According to Countryaah, the historical origins of Europe – as a complex of peoples in a geographically defined area with a commonality of culture, organization, destiny – date back to the contrast between the Greek cities and the Persian Empire in the century. It goes. C. From the beginning its ethnic elements and its geographical scope have changed both in connection with the political events and the hegemonic powers that have established themselves around the Mediterranean, with various pre-eminence of the East or the West, of the North or the South, and in the meaning attributed to Europe in different times by politicians, jurists, theologians. The moment of opposition is accompanied in the historical reality of Europe with an awareness of superiority of organization, of ethical-religious values and of culture. The peoples who have recognized themselves as part of Europe as a cultural and political-religious unit have been different, and their commitment to this unity has been different, as has the assimilation of European institutions as well as their seniority as Europeans. Europe was therefore born as a political, cultural, religious community of Greek cities in contrast to the Asia of Persian Empire: it is characterized as a territory by many small states, governed by free popular systems, as opposed to Asia constituted in a unitary empire, governed despotically: Europe is committed to defending land and culture in epic struggles, narrated by historical (Herodotus) and recalled by poets (Aeschylus, Persians). It, in contrast to Asia, initially restricted to Hellas with the archipelagos, then extended to Macedonia, following the inclusion of Philip II of Macedon in the system of alliances and rivalries of the Greek cities (356-336 BC.). The features of Europe identifying with Hellas fade in the Empire of Alexander the Great (336-323 BC) due to the Macedonian project to merge the Greek civilization with the Persian one and the displacement he initiated of the political-cultural center of European civilization to the East. The reigns of the successors of Alexander the Great (diadochi), Ptolemies in Egypt, Seleucids in Mesopotamia, Attalidi in Pergamum, they carried out to a considerable extent this Greek-oriental synthesis in the Hellenistic culture during the sec. III-II a. C., expanding the sphere and content of Greek civilization. In the meantime, another political center of European civilization was being established in the West in the Italian peninsula around Rome, which, in its expansion in the Mediterranean basin and around it, will attract not only territories, but also ideas to its hegemonic sphere. religious, cults, cultural traditions, production and exchange techniques.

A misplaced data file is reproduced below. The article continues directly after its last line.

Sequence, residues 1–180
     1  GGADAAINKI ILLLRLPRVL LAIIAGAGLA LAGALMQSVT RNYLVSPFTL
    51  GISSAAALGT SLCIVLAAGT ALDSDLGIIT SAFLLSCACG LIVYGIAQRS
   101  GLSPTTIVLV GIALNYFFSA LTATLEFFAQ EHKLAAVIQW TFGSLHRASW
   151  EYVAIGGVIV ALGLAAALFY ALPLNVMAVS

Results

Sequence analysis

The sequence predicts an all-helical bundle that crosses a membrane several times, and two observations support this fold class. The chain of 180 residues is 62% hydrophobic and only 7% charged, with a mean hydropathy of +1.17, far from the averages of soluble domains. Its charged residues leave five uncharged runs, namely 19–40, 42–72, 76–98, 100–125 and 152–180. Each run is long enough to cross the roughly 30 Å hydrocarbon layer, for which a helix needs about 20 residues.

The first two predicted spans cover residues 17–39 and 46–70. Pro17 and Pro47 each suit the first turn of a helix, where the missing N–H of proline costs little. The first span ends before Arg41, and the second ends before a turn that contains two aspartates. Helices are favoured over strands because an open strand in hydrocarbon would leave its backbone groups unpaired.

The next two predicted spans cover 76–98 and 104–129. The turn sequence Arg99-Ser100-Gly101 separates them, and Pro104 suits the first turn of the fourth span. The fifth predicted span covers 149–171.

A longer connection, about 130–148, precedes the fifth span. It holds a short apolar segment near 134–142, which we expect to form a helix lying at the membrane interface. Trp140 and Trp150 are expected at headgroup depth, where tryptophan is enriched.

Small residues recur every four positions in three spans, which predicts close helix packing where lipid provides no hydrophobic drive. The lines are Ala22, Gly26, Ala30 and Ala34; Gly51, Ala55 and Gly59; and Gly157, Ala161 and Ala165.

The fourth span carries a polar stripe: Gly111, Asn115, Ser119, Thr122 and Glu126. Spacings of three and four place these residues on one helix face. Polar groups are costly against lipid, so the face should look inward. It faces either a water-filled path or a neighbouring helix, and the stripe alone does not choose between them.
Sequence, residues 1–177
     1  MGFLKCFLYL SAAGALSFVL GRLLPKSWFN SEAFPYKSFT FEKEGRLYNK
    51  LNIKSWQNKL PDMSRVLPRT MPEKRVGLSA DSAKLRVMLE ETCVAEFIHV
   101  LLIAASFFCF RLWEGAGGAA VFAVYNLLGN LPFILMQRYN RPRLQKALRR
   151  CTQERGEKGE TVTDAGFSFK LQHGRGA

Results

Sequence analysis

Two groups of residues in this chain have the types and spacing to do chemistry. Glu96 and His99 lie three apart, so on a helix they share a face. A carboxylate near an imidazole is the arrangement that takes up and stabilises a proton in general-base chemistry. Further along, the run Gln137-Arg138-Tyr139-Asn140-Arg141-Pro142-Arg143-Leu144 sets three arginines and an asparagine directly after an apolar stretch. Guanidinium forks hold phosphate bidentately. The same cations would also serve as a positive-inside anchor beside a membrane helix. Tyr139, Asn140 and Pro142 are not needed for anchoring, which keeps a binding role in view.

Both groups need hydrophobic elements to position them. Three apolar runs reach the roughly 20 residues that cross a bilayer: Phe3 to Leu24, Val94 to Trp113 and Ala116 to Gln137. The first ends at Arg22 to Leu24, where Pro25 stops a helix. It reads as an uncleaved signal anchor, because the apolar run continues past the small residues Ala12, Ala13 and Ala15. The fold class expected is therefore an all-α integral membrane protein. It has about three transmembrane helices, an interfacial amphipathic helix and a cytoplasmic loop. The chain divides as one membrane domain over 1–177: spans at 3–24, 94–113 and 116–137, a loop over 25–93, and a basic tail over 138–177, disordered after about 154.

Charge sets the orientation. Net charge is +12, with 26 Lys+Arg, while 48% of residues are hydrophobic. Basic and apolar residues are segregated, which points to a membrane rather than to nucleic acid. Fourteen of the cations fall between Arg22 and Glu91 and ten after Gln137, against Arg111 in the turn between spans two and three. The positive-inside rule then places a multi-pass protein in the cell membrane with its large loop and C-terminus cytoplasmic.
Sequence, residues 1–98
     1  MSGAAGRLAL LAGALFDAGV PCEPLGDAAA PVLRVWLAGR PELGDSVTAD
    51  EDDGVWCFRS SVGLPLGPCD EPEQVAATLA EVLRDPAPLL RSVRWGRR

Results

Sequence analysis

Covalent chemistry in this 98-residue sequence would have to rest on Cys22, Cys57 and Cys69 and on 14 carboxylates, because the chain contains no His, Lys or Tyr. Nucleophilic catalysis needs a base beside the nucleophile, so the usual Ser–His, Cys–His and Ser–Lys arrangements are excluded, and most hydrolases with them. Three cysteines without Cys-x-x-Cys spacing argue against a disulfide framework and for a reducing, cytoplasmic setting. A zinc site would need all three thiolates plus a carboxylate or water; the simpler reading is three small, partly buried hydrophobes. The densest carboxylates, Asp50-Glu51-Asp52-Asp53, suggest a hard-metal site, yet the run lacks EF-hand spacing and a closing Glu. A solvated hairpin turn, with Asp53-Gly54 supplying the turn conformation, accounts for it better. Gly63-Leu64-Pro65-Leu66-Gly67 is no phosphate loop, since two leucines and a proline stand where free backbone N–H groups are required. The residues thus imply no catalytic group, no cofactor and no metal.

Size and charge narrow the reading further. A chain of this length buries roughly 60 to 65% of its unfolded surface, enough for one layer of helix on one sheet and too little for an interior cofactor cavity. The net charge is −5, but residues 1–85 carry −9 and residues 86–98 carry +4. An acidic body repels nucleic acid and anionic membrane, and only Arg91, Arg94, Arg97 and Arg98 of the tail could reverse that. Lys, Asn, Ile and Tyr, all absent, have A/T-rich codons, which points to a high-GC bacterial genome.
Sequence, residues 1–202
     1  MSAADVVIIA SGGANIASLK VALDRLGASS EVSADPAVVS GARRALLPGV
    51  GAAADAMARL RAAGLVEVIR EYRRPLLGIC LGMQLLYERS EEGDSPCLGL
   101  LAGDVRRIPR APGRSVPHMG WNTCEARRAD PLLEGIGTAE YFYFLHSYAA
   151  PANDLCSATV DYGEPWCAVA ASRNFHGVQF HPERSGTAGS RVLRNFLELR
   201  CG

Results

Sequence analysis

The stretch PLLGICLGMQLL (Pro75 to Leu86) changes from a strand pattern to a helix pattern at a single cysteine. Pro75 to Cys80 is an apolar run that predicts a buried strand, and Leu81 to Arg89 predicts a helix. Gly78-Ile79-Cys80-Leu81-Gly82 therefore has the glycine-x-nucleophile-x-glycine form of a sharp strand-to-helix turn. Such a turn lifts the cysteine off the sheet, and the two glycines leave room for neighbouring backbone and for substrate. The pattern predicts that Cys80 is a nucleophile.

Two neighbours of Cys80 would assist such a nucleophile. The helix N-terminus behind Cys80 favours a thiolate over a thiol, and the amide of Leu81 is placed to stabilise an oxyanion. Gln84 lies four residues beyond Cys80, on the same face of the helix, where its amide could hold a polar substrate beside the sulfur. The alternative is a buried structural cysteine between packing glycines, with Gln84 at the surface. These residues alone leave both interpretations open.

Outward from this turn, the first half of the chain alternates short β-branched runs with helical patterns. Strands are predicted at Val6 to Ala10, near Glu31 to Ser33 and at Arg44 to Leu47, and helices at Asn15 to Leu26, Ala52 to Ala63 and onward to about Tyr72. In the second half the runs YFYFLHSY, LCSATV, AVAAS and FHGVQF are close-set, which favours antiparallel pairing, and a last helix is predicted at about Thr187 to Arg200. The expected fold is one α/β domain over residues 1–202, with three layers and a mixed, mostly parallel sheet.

Among these Rome mainly welcomed those of Hellas, enlarged in the Greek-oriental symbiosis of the Hellenistic civilization. With it, Rome also assimilated the proud Hellenic differentiation from the “barbarians”, from those who were different from them in language and lineage, in civilization and religion, for government systems. In this way the Romans considered barbarians all peoples who were not of Greco-Roman civilization and, later, those who did not live within the borders of the Roman Empire. Europe, as a political-cultural unit, was thus identified with the Imperium romanum in the vast borders reached by this at the turn of the century. I and II d. C., at the time of Trajan: and it continued to be a geographical and political reality. This, however, was exposed to changes for the internal forces in tension due to the system of appointment of the Augustus emperor (adoption, senatorial appointment, election by garrison armies in Rome and, later, those allocated in peripheral regions, in Gaul, in Pannonia, in the East). Identified with the Roman Empire, it also suffered the pressure of external forces: first in the East, by the Parthians, then also on the Danube and the Rhine. Such a Europe is thus losing its compactness and centrality: Roman citizenship bestowed on all the free inhabitants of Editto di Caracalla, 212) reduces the traditional hegemony of Rome and Italy: through the military career personalities of the provinces reach the top of power; the internal order cracks and with it production and trade enter into crisis. A new religion, Christianity, with indomitable proselytizing vigor, challenges the imperial cult, which was considered the religious support of the state auctoritas. Particular tendencies are increasingly affirmed in the peripheral parts, in the north-west in Gaul, in the south in Africa, in the East and not only in these; consequently Europe coinciding with the Roman Empire is divided first in the administrative organization, then also in the top political structure.(293), in less than a century there was the consolidation of the bipartition of the Empire into Western (capital Rome) and Eastern (capital Constantinople), with an awareness of ideal and political unity despite the increasingly emerging differences of destiny, of internal vigor, administrative systems, economic organization, standard of living and social structure.